TEUTOBURG-FOREST-AD-9

Download Teutoburg-forest-ad-9 ebook PDF or Read Online books in PDF, EPUB, and Mobi Format. Click Download or Read Online button to TEUTOBURG-FOREST-AD-9 book pdf for free now.

Teutoburg Forest Ad 9

Author : Michael McNally
ISBN : 1846035813
Genre : History
File Size : 28.55 MB
Format : PDF
Download : 863
Read : 920

Osprey's study of one of the most important battles of the long-elasting Germanic Wars (113 BC - 439 AD). Arminius, a young member of the Cheruscan tribe under the Roman Empire felt that Rome could be beaten in battle and that such a victory would guarantee the freedom of the Germans as a confederation of independent tribes, led by the Cheruscans, who would - in turn - be led by him. Throughout AD 8 and the early part of AD 9, Arminius used his position under the governor of Germania Inferior well, ostensibly promoting Rome whilst in reality welding the tribes together in an anti-Roman alliance, agreeing with his confederates that they would wait until the Roman garrison had moved to their summer quarters and then rise up against the invaders. With the arrival of September, the time soon came for the Roman troops to return to their stations along the Rhine and as they marched westwards through the almost impenetrable Teutoburg Forest, Arminius sprang his trap. In a series of running battles in the forest, Varus' army, consisting of three Roman Legions (XVII, XVIII and XIX) and several thousand auxiliaries - a total of roughly 20,000 men - was destroyed. The consequences for Rome were enormous - the province of Germania was now virtually undefended and Gaul was open to a German invasion which although it never materialized, led a traumatized Augustus to decree that, henceforth, the Rhine would remain the demarcation line between the Roman world and the German tribes, in addition to which the destroyed legions were never re-formed or their numbers reused in the Roman Army: after AD 9, the sequence of numbers would run from I to XVI and then from XX onwards, it was as if the three legions had never existed.
Category: History

What If

Author : Robert Cowley
ISBN : 1101118911
Genre : History
File Size : 25.31 MB
Format : PDF, Docs
Download : 390
Read : 882

With its in-depth reflections on the monumental events of the past, this amazing book of essays ponders what might have been if things had gone differently in history. Featuring Stephen J. Ambrose, John Keegan, and many others.
Category: History

Augustus

Author : Adrian Goldsworthy
ISBN : 9780297864264
Genre : History
File Size : 26.63 MB
Format : PDF, Mobi
Download : 892
Read : 376

'Masterly' - Robert Harris, author of Imperium 'Essential reading for anyone interested in Ancient Rome' Independent ***** Caesar Augustus schemed and fought his way to absolute power. He became Rome's first emperor and ruled for forty-four years before dying peacefully in his bed. The system he created would endure for centuries. Yet, despite his exceptional success, he is a difficult man to pin down, and far less well-known than his great-uncle, Julius Caesar. His story is not always edifying: he murdered his opponents, exiled his daughter when she failed to conform and freely made and broke alliances as he climbed ever higher. However, the peace and stability he fostered were real, and under his rule the empire prospered. Adrian Goldsworthy examines the ancient sources to understand the man and his times.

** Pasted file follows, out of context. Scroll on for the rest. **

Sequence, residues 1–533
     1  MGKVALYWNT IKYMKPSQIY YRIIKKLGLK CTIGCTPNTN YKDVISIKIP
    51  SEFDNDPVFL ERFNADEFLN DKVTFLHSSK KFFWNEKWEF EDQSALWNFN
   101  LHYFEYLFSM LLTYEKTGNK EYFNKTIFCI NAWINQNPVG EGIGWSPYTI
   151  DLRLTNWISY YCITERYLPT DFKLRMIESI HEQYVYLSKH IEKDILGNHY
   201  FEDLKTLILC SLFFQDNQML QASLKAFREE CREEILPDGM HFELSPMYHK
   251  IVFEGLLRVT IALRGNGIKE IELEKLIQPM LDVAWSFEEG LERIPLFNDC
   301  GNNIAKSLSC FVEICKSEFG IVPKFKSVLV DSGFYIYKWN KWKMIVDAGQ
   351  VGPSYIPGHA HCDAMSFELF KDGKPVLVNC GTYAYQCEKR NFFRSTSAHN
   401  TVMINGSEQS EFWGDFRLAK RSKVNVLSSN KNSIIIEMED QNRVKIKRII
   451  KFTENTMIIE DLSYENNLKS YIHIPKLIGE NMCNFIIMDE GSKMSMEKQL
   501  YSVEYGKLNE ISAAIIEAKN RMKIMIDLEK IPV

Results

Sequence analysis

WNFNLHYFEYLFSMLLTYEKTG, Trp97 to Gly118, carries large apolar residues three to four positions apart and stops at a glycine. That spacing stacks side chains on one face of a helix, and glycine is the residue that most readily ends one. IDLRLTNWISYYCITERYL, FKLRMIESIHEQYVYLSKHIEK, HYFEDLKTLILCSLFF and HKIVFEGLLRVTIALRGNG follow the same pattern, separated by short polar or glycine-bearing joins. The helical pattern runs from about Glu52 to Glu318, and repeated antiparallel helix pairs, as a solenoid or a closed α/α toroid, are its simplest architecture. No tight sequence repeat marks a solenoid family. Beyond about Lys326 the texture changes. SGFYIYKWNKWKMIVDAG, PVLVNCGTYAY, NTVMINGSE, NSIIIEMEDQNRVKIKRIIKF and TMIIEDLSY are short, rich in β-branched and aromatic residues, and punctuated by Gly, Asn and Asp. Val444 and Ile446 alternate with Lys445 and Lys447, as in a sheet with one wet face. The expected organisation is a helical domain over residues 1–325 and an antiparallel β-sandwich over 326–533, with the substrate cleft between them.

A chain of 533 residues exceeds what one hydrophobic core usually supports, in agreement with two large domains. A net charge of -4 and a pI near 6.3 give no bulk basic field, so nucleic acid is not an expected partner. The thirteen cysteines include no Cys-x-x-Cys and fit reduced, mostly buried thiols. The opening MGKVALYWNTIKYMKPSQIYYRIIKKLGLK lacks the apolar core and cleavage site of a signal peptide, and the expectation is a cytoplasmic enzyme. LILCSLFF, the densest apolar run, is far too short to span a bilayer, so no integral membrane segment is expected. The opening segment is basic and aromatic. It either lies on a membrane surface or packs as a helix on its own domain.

Category: History

Clio And The Poets

Author : David S. Levene
ISBN : 9004117822
Genre : Literary Criticism
File Size : 87.15 MB
Format : PDF, Mobi
Download : 613
Read : 449

In this book seventeen leading scholars examine the interaction between historiography and poetry in the Augustan age: how poets drew on or reacted against historians presentation of the world, and how, conversely, historians transformed poetic themes for their own ends.
Category: Literary Criticism

The Making Of The Roman Army

Author : Lawrence Keppie
ISBN : 9781134746033
Genre : History
File Size : 24.51 MB
Format : PDF, ePub, Mobi
Download : 365
Read : 367

In this new edition, with a new preface and an updated bibliography, the author provides a comprehensive and well-documented survey of the evolution and growth of the remarkable military enterprise of the Roman army. Lawrence Keppie overcomes the traditional dichotomy between the historical view of the Republic and the archaeological approach to the Empire by examining archaeological evidence from the earlier years. The arguments of The Making of the Roman Army are clearly illustrated with specially prepared maps and diagrams and photographs of Republican monuments and coins.
Category: History

Terror In Teutoburg Forest

Author : John L. Rothdiener
ISBN : 9781467845670
Genre : Fiction
File Size : 20.99 MB
Format : PDF, ePub
Download : 675
Read : 714

“An evil empire is determined to enslave them and take their land. I feel we have an obligation to stand and fight.” --Sergeant Matt Taylor, United States Army Teutoburg Forest, 2009 The Terrorist Assault Team’s orders were clear. They were to storm the house, capture the terrorists, free the hostages and contain the bomb. None of the twenty-six member, highly trained TAT team was prepared for what would take place on that hot August night. Through a bizarre chain of events, these GI’s lives would change forever. They would be forced to choose between a new life or fight for freedom in a way they never imagined. “Varus, Varus give me back my legions.” --Caesar Augustus, 9AD Teutoburg Forest, 9 AD One of the greatest battles of all time took place in Teutoburg Forest in 9AD. When it was over, more than twenty thousand seasoned Roman Soldiers were dead. How could a poorly armed, undisciplined group of Germanic warriors defeat this mighty foe? What happened to Varus, the general of the Roman army and his famous soldiers is revealed in this thrilling plot. This is the unknown story of how the battle is fought and how it became a turning point in history. Terror in Teutoburg Forest Relive the battle that helped shape the world, as we know it today. This gripping account of how the onslaught occurred is skillfully captured in this exciting historic novel, Terror in Teutoburg Forest, related by author John L. Rothdiener.